8-Nitroguanine is a mutagenic nitrosative DNA lesion caused by reactive nitrogen and oxygen species, and now has been used as a potential biomarker of inflammation-related cancers . In the present study, 8-nitroguanine was used as a biomarker of nucleic acid damage . We examined by the immunohistochemical method the interfering effects of taurine as antioxidants on nucleic acid damage of mice brain tissue exposed to arsenic to provide experimental evidences for prevention and therapy for the arsenic induced brain damage.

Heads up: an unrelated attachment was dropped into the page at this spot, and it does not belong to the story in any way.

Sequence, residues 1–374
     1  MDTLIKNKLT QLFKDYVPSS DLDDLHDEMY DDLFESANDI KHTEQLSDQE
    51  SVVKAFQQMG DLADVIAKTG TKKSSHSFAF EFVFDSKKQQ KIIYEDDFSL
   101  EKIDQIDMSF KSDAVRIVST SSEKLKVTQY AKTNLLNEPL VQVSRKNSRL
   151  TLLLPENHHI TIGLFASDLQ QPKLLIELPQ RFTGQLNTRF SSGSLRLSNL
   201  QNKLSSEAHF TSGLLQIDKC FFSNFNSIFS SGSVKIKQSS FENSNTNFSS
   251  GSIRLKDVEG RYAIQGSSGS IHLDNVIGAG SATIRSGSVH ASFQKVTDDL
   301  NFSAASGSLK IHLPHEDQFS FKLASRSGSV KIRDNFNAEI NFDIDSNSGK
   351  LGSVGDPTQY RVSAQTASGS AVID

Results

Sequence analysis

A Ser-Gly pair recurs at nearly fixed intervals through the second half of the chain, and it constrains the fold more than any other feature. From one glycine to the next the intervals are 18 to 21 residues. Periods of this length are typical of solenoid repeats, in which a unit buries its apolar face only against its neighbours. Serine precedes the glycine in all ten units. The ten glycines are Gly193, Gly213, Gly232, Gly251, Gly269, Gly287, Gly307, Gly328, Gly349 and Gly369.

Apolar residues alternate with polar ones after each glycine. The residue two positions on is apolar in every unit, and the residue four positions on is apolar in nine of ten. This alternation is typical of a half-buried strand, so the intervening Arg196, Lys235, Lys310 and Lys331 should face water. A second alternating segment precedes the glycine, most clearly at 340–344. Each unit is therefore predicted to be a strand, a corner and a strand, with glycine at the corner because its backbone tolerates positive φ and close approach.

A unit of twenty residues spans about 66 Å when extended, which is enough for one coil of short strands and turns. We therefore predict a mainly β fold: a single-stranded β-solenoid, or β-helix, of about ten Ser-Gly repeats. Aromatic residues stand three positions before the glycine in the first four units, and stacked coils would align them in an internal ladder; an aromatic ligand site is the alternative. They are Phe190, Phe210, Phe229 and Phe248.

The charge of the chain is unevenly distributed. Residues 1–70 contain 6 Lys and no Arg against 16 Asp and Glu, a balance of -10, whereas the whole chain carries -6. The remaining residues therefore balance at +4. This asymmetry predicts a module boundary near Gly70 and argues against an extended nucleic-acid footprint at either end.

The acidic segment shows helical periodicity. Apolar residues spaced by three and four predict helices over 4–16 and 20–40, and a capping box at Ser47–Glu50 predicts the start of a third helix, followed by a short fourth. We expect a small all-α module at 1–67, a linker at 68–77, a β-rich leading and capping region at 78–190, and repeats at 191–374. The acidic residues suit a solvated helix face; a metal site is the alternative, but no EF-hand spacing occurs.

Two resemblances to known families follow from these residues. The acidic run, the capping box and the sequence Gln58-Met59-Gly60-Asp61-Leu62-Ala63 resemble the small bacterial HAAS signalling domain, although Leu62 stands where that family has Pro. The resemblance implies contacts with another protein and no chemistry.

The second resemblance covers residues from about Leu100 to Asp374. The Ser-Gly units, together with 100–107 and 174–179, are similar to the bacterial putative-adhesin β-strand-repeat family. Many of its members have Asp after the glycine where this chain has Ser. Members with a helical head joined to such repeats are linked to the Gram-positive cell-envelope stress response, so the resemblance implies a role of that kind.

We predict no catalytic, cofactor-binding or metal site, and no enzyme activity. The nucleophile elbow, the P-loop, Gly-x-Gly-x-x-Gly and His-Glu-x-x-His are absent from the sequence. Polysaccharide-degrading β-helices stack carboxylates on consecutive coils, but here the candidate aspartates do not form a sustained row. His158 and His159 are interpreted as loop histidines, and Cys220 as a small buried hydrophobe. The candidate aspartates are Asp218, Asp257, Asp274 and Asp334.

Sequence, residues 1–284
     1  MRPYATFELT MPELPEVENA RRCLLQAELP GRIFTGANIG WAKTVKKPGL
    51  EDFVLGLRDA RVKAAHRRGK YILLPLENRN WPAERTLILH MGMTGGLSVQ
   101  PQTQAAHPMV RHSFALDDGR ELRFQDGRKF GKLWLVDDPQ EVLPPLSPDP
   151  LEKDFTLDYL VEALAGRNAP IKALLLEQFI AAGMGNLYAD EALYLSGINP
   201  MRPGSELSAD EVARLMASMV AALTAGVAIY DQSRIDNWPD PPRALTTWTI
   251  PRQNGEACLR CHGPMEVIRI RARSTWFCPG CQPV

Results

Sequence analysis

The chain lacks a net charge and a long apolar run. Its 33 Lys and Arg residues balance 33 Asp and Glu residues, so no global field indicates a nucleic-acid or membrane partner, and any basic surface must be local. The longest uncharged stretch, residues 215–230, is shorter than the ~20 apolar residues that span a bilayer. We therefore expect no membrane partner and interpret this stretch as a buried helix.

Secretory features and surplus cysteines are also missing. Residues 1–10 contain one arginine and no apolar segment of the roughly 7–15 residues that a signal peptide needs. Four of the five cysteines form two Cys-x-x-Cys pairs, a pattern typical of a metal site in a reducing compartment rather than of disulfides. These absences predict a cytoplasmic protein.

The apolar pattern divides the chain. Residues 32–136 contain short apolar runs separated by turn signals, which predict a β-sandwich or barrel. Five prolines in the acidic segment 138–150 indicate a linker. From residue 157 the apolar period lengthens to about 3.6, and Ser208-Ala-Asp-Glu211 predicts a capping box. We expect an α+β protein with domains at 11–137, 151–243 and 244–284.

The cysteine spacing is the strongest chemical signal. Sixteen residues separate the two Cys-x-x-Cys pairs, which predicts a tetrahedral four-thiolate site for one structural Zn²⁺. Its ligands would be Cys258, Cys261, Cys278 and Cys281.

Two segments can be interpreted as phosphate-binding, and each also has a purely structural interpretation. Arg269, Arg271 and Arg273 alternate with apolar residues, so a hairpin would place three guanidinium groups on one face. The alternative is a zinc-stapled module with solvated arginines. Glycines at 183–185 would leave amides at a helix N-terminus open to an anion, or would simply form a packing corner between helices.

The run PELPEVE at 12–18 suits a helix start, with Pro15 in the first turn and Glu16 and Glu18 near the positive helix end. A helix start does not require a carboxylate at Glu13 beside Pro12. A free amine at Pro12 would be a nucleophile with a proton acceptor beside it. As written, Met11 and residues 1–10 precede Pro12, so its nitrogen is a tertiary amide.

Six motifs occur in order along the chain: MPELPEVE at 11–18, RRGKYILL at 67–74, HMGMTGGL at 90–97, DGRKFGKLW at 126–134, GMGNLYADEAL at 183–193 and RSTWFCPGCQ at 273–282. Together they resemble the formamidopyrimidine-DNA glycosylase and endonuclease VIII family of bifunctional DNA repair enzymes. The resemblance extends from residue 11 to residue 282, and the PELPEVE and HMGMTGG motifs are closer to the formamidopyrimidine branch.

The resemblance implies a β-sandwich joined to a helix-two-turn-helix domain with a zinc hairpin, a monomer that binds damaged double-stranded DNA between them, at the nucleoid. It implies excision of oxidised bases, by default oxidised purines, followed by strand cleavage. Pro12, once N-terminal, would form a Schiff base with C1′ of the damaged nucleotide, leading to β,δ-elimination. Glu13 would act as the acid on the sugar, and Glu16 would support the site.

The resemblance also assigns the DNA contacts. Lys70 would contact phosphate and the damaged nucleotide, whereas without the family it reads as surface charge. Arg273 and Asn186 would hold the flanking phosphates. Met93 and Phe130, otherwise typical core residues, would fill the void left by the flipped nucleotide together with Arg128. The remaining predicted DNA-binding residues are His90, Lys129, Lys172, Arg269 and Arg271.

Sixty mice (Slc/ICR, 30 male and 30 female) weighing 19.5 ± 1.5 g were purchased from Japan SLC (Shizuoka, Japan) and maintained under specific pathogen free conditions at the Institute for Laboratory Animals of Suzuka University of Medical Science. They were caged under a 12 h dark-light cycle in standard conditions of temperature (18–22 C) and humidity (50 %). The animals were maintained on a standard diet and water ad libitum. The animal experiment was performed in accordance with the Animal Guideline of Suzuka University of Medical Science and in agreement with the Ethical Committee of Suzuka University of Medical Science. Mice were 6 weeks old at the beginning of each experiment. All the mice were sex matched and weighed before the beginning of the experiment and pooled together. From this pool, the mice were randomly assigned to three different groups of twenty each. Group 1 received drinking water alone (as controls). Group 2 received 4 mg/L arsenic trioxide (as experimental group). Group 3 received both of 4 mg/L arsenic trioxide and 150 mg/kg taurine (as antagonistic apply group). Arsenic trioxide was given through drinking water for 60 days and taurine was affused to the stomach twice a week. After the last administration, mice were deeply anesthetized with an intraperitoneal injection of sodium pentobarbital (30 mg/kg) and were perfused transcardially with phosphate-buffered saline (PBS; 0.01 M sodium phosphate buffer, pH 7.4, 150 mM NaCl) for 1–2 min., followed by a fixative, containing 4% paraformaldehyde, in PBS, pH 7.0. After the perfusion, the brains were removed, and allowed to stand in the same fixative for 8 hours at 4°C, then rinsed several times with PBS, and kept at 4°C in PBS with 0.2% sodium azide until use.